Many homeless people struggle with identity issues, since most people who end up on the streets go through a period of adjustment and feel like they've lost touch with who they were in their former life.
But those who try to maintain their identity as their life falls apart around them often find creative ways to make a record of their lives, using writing, art or photography to express themselves so others can see what they're going through.
Outsider artist Lee Godie spent three decades living on the streets of Chicago from the 1960s to 1994 when she passed away, and during that time she never stopped making art, mainly Impressionistic mixed media and altered Photo Booth photos.
If you were lucky enough to meet Lee at a train station or on the steps of the Art Institute of Chicago and she liked the look of you she would offer to sell you some of her art, and Lee is now "Chicago's most collected artist":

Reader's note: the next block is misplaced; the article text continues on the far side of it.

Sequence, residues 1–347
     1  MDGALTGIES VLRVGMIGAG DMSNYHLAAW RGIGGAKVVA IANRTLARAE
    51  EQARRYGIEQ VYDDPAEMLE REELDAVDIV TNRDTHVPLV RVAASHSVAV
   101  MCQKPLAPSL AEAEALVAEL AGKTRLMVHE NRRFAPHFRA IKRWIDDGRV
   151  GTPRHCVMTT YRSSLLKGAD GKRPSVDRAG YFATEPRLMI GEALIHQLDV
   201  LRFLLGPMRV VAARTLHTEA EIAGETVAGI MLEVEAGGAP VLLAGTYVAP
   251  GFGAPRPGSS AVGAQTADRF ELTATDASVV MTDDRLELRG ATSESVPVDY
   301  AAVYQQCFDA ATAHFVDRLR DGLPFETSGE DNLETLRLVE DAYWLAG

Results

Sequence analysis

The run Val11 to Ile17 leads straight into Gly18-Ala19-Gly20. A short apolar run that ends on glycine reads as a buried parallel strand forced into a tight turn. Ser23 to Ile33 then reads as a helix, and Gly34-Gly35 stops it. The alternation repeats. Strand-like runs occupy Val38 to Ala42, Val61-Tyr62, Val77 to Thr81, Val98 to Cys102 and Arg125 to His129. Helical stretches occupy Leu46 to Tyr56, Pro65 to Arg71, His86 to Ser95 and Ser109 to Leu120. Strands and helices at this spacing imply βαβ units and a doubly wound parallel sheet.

She made drawings and paintings with whatever materials she had to hand. She then sold them to commuters on their way to work—but only if she liked the look of you. If she didn’t—then Godie rolled up her portfolio of pictures, put them under her arm, bid you “Good day” and moved on to the next potential buyer. That’s an enviable, if bloody-minded determination.
For Godie chose to live on the streets. She had money—enough to keep her dry, warm and snug. But she preferred living rough. Why? No one seems to be quite sure. At night, in sub-zero temperatures Godie slept on “a concrete bench…clutching her large black portfolio” of artworks. How Godie ended up homeless is open to conjecture. What is known she was married twice and had four children. After the deaths of two of her children, Godie began her life living on the streets in the 1960s.